Tightening supply of affordable homes will mean a rebound for bidding wars in 2020 according to Redfin.
As the cooldown in the housing market ends, the brokerage expects markets to become increasingly competitive, fueled by low supply of new homes and homeowners’ tenure lengthening.
"Low mortgage rates started to revitalize the market at the end of this summer, but we won't see their full impact on demand for housing until next year," said Redfin chief economist Daryl Fairweather, who authored the report. "In 2020, buyers will have fewer homes to choose from than they have in five years. But the return of bidding wars is good news for sellers who may have been holding out this year as the market stabilized. The competition and faster price growth will tempt more homeowners and builders to list homes, which will help improve the balance between supply and demand by the end of the year."
Redfin expects about one in four offers to face bidding wars in 2020 compared to only one in 10 in 2019.
That is set to boost prices by 6% in the first half of the year, up from just 2% in the same period of 2019. However, it expects moderation in the second half of 2020 with a more balanced market giving a 3% price rise.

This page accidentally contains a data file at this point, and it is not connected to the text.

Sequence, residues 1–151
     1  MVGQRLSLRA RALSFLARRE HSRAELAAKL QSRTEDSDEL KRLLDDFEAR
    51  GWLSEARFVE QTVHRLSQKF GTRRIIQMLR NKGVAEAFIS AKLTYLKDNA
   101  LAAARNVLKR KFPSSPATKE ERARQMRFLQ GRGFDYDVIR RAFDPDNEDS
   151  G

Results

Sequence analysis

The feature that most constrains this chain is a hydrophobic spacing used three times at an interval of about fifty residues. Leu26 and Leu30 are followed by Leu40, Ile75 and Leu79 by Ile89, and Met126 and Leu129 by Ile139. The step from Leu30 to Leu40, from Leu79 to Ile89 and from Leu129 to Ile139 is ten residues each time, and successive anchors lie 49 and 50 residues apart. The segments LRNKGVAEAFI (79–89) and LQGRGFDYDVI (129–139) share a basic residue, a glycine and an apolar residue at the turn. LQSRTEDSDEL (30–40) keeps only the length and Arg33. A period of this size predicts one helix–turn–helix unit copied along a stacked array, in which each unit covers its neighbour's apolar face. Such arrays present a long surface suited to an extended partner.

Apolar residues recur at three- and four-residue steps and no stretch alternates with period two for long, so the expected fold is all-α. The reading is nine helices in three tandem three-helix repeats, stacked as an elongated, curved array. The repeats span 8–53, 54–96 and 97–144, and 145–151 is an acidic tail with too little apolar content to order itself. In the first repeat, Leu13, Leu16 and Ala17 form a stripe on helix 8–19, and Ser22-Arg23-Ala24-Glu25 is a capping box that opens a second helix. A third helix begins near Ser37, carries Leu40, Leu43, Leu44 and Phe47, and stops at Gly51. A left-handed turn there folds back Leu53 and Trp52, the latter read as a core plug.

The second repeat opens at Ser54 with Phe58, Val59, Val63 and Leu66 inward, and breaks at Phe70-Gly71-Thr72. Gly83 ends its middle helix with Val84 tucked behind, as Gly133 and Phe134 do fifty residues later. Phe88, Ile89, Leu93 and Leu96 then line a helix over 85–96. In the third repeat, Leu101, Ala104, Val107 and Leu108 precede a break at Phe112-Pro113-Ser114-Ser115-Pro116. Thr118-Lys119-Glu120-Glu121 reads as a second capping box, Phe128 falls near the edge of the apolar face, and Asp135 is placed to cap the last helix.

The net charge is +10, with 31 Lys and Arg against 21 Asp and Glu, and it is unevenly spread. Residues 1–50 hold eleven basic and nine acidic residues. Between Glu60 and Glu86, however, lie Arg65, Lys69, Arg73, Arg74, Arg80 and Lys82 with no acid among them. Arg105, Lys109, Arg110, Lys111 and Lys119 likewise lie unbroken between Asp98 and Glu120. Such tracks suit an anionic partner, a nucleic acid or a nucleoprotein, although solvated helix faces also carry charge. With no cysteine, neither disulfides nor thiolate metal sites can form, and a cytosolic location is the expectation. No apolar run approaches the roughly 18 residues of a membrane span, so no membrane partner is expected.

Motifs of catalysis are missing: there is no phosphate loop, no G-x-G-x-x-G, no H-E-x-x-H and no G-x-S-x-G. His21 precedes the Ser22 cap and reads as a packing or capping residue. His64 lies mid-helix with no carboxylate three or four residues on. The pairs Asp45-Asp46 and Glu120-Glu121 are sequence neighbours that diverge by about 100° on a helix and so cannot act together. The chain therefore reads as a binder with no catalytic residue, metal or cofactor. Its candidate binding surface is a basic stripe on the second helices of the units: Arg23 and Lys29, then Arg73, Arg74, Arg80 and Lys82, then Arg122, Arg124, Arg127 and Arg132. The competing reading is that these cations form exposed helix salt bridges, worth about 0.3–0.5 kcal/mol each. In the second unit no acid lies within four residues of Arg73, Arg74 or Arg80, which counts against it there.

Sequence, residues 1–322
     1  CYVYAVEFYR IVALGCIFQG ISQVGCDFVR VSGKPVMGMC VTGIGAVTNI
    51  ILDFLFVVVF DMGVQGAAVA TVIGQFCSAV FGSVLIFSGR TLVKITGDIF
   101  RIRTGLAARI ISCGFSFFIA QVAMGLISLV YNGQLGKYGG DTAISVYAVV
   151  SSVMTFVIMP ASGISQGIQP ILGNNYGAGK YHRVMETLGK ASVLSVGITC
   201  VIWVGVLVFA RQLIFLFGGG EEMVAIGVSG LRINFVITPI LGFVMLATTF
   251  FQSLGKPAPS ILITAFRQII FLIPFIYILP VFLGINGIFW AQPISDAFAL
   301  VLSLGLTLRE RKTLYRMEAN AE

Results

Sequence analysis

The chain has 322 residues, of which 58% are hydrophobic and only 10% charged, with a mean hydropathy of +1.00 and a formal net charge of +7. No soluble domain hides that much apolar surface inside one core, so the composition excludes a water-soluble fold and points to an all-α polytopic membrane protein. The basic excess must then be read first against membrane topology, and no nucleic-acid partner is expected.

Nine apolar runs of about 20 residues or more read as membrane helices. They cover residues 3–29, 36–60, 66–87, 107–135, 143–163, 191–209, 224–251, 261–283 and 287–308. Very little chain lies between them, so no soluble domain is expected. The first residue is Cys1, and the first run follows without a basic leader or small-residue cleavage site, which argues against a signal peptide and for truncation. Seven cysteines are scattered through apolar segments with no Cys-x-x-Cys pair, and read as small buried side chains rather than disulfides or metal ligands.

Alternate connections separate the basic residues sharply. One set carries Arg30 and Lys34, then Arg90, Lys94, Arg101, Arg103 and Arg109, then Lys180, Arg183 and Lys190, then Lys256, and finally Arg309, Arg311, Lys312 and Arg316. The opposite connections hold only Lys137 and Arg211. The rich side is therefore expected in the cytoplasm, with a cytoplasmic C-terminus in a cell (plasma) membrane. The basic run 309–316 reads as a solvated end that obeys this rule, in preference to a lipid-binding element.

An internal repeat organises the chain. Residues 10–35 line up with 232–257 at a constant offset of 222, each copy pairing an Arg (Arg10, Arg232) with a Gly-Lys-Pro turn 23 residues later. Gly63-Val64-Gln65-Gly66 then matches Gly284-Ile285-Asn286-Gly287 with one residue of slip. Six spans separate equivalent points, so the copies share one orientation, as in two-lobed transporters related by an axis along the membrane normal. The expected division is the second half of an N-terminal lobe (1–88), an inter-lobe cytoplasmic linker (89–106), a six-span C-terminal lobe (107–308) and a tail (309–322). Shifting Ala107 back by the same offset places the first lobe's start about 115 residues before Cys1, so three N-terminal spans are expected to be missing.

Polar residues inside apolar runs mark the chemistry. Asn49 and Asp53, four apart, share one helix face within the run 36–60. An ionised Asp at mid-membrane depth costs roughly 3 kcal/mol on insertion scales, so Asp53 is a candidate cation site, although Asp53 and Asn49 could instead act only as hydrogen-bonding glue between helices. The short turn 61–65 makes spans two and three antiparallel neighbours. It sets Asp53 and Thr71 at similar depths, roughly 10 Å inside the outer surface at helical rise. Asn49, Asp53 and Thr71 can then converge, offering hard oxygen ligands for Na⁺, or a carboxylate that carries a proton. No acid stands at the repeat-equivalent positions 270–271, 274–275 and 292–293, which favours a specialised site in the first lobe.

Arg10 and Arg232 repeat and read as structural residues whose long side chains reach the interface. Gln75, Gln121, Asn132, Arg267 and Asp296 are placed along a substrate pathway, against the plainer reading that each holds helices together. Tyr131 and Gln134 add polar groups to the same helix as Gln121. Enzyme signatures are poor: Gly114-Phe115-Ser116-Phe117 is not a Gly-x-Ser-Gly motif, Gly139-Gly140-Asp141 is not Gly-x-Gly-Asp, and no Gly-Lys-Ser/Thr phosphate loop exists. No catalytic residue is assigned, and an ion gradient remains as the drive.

Charlestown and Charlotte are set to lead growth along with other more affordable Southeast cities. Businesses and people will be drawn to these less costly markets.
Redfin’s outlook calls for mortgage rates to remain low, with an average for 30-year loans of 3.8%.
With investors already pricing in the chance of recession, it does not expect rates to drop below 3.5% if the economy weakens while stronger growth should still see rates remain below 4.1%.
Among the other things that Redfin sees for 2020:
- For the first time, Hispanic Americans will gain more wealth from home equity than white Americans as the majority of new homeowners are Hispanic, and home values in Hispanic neighborhoods are increasing faster than in white neighborhoods.
- Climate change will become a bigger financial factor for homebuyers and sellers as insurance costs and availability makes a larger impact on decisions.
- More streets will be come car free as cities favor greener modes of transport.
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